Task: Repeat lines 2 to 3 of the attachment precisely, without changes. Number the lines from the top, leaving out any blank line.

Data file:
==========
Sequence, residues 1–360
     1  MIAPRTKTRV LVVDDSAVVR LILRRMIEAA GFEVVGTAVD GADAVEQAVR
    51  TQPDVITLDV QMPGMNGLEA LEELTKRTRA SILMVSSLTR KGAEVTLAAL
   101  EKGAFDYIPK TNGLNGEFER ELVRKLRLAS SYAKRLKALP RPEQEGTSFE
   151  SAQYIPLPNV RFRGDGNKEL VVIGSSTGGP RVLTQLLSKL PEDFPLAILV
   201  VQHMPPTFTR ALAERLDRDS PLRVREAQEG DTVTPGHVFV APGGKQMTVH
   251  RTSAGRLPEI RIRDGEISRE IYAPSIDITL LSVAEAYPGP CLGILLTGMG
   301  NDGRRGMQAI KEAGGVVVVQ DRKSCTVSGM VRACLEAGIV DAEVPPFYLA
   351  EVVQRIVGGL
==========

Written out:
     1  MIAPRTKTRV LVVDDSAVVR LILRRMIEAA GFEVVGTAVD GADAVEQAVR
    51  TQPDVITLDV QMPGMNGLEA LEELTKRTRA SILMVSSLTR KGAEVTLAAL